All over China, in public parks or squares, in the early morning or late afternoon, groups of retired grandparents gather to dance to loud music. The practice is a few decades old, and almost as many have the controversy it generates.
The “Danças na Praça Pública”, or “Guang Chang Wu“, emerged in the 1960s, in early communist China, when dancing to loud music in public was common. And in a super-populated country, where all space is disputed, any place can become a ballroom: the open area between buildings, the sidewalk, any garden, park or square.
The phenomenon of “Dancer Grandparents” (so called because they are mostly women and over 45 years old) has gained popularity in recent decades, with an estimated number of 100 million practitioners of Guang Chang Wu. In addition to gender and age, the grandparents have one thing in common: like loud music, very tall.
But, despite the respect that the Chinese traditionally give to the elderly, the truth is that for some time the noise of the Dancing Grandmothers has caused controversy. the noise bothers those who pass on the street, it disturbs the rest of those who live by the squares, and for younger, urban Chinese, it’s not just irritating and antisocial — it’s illegal, a violation of the peace.
the irritation came to cause extreme situations. In 2013, in Beijing, an individual unleashed his Tibetan mastiffs and instigated them against a group of “Dancer Grandmothers” while firing shotgun blasts into the air. But, indifferent to protests, the Grandmothers just turn up the volume, defying the annoyed neighbors.
Over the years, as the patience of the younger ones was running out, some have been trying more or less radical approaches to resolve the dilemma.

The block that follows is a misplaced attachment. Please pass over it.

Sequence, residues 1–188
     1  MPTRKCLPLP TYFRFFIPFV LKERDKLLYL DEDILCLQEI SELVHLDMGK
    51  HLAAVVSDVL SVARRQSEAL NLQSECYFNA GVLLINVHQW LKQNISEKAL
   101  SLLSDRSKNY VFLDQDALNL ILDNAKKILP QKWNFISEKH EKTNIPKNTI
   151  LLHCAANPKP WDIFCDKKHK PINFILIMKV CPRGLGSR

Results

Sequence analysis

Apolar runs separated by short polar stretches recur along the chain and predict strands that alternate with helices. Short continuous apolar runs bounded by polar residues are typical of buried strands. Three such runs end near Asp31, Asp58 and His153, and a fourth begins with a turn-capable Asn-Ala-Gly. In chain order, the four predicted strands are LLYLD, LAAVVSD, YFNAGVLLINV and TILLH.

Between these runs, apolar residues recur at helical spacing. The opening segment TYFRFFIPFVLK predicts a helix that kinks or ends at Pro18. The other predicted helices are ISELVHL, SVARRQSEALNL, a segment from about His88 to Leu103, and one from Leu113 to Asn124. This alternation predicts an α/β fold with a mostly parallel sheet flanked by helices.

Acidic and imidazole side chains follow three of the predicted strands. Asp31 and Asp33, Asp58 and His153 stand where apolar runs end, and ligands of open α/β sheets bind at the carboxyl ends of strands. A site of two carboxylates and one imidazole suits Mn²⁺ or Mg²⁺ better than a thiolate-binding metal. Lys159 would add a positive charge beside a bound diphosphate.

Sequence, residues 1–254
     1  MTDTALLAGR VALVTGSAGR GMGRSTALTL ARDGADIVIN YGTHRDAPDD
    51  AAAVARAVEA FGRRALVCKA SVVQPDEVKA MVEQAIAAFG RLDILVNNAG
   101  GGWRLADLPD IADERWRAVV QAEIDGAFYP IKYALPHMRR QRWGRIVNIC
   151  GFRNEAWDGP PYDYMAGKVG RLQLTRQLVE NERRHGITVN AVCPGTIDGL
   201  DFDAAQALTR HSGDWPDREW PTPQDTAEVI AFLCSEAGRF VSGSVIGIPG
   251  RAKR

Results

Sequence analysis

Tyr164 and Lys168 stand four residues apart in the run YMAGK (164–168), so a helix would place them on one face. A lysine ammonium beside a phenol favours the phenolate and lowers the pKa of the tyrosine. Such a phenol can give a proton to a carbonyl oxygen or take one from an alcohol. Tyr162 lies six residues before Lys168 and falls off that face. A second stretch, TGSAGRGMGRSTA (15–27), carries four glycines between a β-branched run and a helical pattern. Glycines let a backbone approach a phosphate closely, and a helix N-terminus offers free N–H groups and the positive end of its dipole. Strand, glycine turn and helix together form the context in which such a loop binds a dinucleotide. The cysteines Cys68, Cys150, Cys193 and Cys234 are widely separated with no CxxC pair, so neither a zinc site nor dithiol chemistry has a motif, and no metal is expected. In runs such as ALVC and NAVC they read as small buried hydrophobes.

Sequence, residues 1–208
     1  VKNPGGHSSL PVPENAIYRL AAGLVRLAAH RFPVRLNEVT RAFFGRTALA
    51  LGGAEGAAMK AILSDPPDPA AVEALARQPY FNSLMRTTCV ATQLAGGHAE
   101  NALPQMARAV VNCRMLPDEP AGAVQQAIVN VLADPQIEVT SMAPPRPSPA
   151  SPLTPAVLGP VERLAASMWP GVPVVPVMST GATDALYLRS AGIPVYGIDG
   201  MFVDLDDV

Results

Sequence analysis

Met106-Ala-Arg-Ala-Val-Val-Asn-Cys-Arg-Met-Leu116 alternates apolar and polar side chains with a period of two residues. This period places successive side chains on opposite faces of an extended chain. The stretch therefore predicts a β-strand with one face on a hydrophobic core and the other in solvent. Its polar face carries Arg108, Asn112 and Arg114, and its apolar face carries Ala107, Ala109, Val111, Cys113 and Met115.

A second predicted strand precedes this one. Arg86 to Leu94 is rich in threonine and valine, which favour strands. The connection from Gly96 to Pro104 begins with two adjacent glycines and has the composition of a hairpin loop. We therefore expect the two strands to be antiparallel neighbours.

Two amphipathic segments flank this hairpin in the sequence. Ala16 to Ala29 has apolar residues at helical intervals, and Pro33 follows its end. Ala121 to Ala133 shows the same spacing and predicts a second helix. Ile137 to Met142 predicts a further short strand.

This week, says The Guardian, one of them went viral on social media: a device similar to a stun gun, capable of silencing at 50 meters the sound from the Dancing Grandmothers’ speakers, appeared for sale on TaboBao (the Chinese version of eBay) as the ultimate sabotage against the dancing grandparents.
As reviews device could not be more encouraging. “Finally, silence outside. For two days, the grandmothers thought the speakers were broken“, says a user.
“Great invention! With this tool, I now own my street again. This it’s not just a normal product, it’s social justice“, says another user. In a viral video, it’s possible to see a user in a building silencing a group of ladies (as they are sometimes called disparagingly) who danced in a nearby park.
The device is part of a series of products that have emerged on the market to combat noise pollution, while avoiding any interaction between people. “Distance gives us the possibility to escape the wrath of the Dancing Grandmothers”, explains a user of the Weibo social network, cited by SCMP.
On the other hand, the Dancing Grandmothers themselves seem to be adapting to the new times, and some groups are experimenting dance with earphones bluetooth — creating a silent version of the Guang Chang Wu.
In 2019, Beijing launched new laws to “promote civilized behavior”, which allow the police to fine the Dancing Grandparents — and the fines can reach values in the order of 65 euros for each Lady badly behaved.
However, Chinese authorities have always supported the phenomenon, which they consider to be “a positive and effective way to reduce costs financial and medical, as well as improve people’s quality of life older”. Also, it is complicated fight the will of 100 million practitioners of Guang Chang Wu.
Thus, the phenomenon of China’s infamous Dancing Grandparents seems to be here to stay. Just like remote devices that mute your speakers.